ANTHEM is a futuristic story of a young man who asserts his individuality in a world of total conformity. Based on Ayn Rand’s best-selling novel, ANTHEM will be staged this fall in a major professional, Off-Broadway production to run at the Jerome Robbins Theater at the Baryshnikov Arts Center in New York City.
Austin Shakespeare developed this successful, 2011 production of Ayn Rand’s ANTHEM, which was adapated by Jeff Britting. Playing to sold-out audiences in Austin, we added performances with people coming from around the U.S. and aboard. Austin Shakepseare, a professional theater entering its 30th year, is taking ANTHEM to New York, with previews beginning Sept. 25, and running through Dec. 1.
Get Ayn Rand’s ANTHEM into the center of culture — New York City — this fall in time for the novel’s 75th Anniversary. You can help us get people outside of New York City interested, too!
From Lisa VanDamme:
Two of the greatest pleasures, greatest revelations, of my teaching career have had to do with the arts.
The first – that reading classic literature need not be an academic, didactic, spiritless chore. Given my own education in literature (and most of yours, I wager) how could I have believed otherwise? If literary analysis is no more than a discussion of the profound symbolic value of the green light at the end of the dock, or the finger-counting composition of a sonnet or haiku, or the unearthing of incipient feminist themes in Shakespeare (yes, really) – what’s the point?
I learned the point. The point of literature is to captivate you with enthralling, carefully crafted, tension-building conflicts, distinctly drawn and timelessly memorable characters, unique and penetrating insights about life and man – so that when you open the cover you enter a universe that is brightly-lit, and when you close it you find your own life illuminated.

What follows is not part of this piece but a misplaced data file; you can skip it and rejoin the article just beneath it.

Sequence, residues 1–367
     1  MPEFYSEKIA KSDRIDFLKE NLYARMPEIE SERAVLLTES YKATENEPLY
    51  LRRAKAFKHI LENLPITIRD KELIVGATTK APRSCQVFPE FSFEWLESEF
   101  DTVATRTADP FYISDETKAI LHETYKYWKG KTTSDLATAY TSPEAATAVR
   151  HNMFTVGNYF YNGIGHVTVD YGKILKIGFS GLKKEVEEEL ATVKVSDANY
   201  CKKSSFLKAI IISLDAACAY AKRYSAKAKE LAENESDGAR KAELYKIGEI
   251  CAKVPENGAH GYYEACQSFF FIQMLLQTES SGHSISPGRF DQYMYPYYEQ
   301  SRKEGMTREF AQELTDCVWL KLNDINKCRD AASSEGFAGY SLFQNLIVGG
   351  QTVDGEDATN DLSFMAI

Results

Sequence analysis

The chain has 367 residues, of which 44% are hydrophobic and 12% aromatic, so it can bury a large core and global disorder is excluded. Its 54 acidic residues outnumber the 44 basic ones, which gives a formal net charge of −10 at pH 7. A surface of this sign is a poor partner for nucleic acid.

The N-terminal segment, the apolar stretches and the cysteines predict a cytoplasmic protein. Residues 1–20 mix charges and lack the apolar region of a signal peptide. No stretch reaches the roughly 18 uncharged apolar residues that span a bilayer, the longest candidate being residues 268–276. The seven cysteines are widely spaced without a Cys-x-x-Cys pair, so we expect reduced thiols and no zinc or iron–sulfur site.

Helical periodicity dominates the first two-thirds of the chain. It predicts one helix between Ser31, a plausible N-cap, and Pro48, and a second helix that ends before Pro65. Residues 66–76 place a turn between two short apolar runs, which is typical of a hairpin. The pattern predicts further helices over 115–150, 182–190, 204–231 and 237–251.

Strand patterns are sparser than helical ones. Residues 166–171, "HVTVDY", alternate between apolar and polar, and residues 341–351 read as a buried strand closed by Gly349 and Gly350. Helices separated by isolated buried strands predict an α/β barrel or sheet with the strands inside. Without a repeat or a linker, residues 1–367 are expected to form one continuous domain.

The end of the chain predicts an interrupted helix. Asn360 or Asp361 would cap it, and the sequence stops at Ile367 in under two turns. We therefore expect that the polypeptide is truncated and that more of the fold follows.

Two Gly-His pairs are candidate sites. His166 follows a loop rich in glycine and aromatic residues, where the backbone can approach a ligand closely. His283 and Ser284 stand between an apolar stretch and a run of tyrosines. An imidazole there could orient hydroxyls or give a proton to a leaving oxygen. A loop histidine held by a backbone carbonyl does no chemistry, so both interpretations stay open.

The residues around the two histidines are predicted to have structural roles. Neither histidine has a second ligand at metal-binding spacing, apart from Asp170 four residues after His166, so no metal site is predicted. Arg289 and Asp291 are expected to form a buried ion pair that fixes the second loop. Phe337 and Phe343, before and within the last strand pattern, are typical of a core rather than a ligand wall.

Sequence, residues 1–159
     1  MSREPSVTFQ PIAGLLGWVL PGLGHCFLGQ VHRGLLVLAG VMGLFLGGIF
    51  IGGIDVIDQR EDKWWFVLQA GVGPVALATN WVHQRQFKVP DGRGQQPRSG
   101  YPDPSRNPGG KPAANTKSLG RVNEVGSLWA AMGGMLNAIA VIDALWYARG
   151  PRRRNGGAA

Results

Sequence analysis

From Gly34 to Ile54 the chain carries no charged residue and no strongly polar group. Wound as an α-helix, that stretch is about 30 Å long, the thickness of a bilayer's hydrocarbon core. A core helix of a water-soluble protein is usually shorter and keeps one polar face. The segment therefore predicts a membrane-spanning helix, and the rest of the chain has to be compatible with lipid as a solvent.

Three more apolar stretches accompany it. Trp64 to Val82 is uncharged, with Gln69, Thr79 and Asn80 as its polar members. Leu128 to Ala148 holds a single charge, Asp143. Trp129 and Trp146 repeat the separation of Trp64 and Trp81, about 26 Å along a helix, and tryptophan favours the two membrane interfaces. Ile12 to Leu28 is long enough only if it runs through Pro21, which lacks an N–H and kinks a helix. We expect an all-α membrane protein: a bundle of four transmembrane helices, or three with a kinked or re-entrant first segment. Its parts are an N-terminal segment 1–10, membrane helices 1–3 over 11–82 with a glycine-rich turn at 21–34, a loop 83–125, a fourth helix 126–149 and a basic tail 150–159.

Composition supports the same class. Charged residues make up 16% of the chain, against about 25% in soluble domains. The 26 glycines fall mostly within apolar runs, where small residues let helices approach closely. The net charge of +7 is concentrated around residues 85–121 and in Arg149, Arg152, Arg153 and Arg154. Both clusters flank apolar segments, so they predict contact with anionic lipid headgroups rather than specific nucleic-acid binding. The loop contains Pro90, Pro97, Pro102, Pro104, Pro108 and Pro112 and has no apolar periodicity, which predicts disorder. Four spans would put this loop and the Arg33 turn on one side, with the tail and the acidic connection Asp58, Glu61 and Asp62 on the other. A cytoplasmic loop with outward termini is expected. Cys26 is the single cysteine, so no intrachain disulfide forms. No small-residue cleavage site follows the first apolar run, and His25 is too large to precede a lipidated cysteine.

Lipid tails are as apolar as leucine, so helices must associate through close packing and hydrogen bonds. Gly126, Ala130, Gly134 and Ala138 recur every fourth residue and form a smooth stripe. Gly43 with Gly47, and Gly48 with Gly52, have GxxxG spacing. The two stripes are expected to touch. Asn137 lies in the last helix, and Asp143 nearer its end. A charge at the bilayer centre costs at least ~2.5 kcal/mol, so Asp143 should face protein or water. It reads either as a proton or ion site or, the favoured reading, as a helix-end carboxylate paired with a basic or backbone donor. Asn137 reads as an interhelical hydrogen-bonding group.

The students at VanDamme Academy have learned the point. Had you seen them the day I walked in to class to read the conclusion of Victor Hugo’s Ninety-Three and found them sitting at attention, watching eagerly over their shoulders, having placed a box of tissues next to my desk (and many of their own) you would know just how well.
Now you can too. How? http://www.bringingtheartstolife.com/
The second – that visiting a museum can be more that just a stroll through a gallery, looking cursorily at work after work, forming some superficial, unexamined response (“that’s pretty”), and after hours of surveying the collection, coming away drained. Yet that is how most people recall the experience.